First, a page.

How do children trade off between exploration and teaching?
We know that adults can be an important source of information for children, but also that children are capable explorers and that sometimes adults don’t teach perfectly. Under which conditions are children most likely to imitate? What leads children to explore more or imitate less? How does reasoning differ between instrumental and social problems? When is relying on teaching from others most important? When is each of these strategies adaptive?




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The Balancing Act: Children’s Trade-Off Between Exploration and Teaching

Children navigate a delicate balance between exploration and learning from others, including adults. While adults can provide valuable information, children are natural explorers. Understanding the conditions that influence children’s tendencies to imitate or explore can shed light on their learning processes. This article will discuss the factors that influence children’s imitation, exploration, reasoning differences between instrumental and social problems, and when relying on teaching or exploration is most adaptive.

Imitation: When Children Are Likely to Imitate

Children are more likely to imitate when certain conditions are met. First, the credibility of the adult plays a significant role. If an adult is perceived as knowledgeable or competent, children are more likely to imitate their behaviors or actions. Second, children are more prone to imitate when they encounter complex or ambiguous situations where they lack prior knowledge or experience. In such cases, they rely on social learning by imitating others to acquire new skills or knowledge. Lastly, when children perceive that imitating certain behaviors will result in positive outcomes or rewards, they are more inclined to imitate.

Exploration: Factors that Promote Exploration

Children are natural explorers and engage in curiosity-driven activities to learn about the world around them. Several factors influence children’s inclination to explore. First, novelty and uncertainty play a vital role in stimulating exploration. When children encounter unfamiliar situations or environments, their curiosity is piqued, leading them to explore and seek new information. Second, intrinsic motivation drives exploration. When children are internally motivated to learn or discover new things, they are more likely to engage in exploratory behaviors. Finally, when children have a sense of autonomy and feel safe in their environment, they are more likely to explore freely.

Reasoning Differences: Instrumental vs. Social Problems

Children’s reasoning processes differ when faced with instrumental (problem-solving) and social problems. Instrumental problems involve finding solutions to practical challenges, whereas social problems focus on understanding social norms, emotions, or intentions. In instrumental problems, children tend to apply logical reasoning and problem-solving strategies to find the most efficient solution. However, in social problems, children rely more on social cues, emotional understanding, and empathy to navigate complex social interactions.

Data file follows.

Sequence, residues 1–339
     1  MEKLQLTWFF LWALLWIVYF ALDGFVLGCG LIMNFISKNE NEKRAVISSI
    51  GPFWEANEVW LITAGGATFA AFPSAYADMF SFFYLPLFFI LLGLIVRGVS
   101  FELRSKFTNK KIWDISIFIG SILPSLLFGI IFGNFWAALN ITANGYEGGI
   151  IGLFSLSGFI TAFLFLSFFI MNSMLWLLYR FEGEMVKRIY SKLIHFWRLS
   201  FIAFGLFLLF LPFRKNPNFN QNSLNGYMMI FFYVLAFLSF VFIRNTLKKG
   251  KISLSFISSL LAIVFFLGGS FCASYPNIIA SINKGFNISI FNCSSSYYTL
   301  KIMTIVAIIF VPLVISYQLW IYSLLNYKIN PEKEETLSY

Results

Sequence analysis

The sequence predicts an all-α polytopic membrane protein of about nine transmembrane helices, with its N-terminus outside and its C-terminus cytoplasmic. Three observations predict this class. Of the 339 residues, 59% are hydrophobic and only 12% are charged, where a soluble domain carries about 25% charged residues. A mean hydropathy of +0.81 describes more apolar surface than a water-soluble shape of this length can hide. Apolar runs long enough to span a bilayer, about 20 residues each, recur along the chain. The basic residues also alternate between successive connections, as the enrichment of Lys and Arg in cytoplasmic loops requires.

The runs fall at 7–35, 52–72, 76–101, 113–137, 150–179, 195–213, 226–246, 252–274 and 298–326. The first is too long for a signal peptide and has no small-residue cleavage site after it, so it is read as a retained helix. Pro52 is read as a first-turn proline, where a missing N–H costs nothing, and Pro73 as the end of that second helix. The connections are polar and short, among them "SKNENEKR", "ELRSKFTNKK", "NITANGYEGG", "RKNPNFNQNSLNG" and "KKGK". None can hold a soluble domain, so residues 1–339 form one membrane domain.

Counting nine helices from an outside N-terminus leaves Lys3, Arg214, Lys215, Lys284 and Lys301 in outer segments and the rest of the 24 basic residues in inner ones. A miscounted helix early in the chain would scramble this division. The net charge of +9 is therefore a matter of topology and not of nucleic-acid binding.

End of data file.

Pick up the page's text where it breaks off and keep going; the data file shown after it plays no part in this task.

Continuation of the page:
Importance of Relying on Teaching from Others

Relying on teaching from others becomes particularly important when children face situations that are beyond their current cognitive abilities or when acquiring specific cultural knowledge is essential for their development. Learning from adults or more knowledgeable peers allows children to acquire information efficiently and avoid potential risks or dangers associated with trial-and-error learning. Teaching provides a scaffold for children’s learning and can accelerate their acquisition of complex skills and knowledge.

Adaptive Nature of Each Strategy

Both imitation and exploration strategies have adaptive qualities depending on the context. Imitation allows children to acquire culturally relevant knowledge efficiently and learn from others’ expertise. It helps them assimilate into their social group and adopt beneficial behaviors quickly. On the other hand, exploration promotes cognitive flexibility, creativity, and independent thinking. It allows children to discover novel solutions, develop problem-solving skills, and adapt to new challenges.


Children skillfully balance between exploration and learning from others based on various factors. They are more likely to imitate when adults are credible, faced with complex situations, or expect positive outcomes. Exploration is driven by novelty, intrinsic motivation, and a sense of autonomy. Reasoning differs between instrumental and social problems, with logical reasoning dominating instrumental problems while social cues play a more significant role in social problems. Relying on teaching from others is valuable when facing cognitive challenges or cultural learning needs. Both imitation and exploration strategies have adaptive qualities depending on the context, contributing to children’s development and growth as learners and problem solvers.


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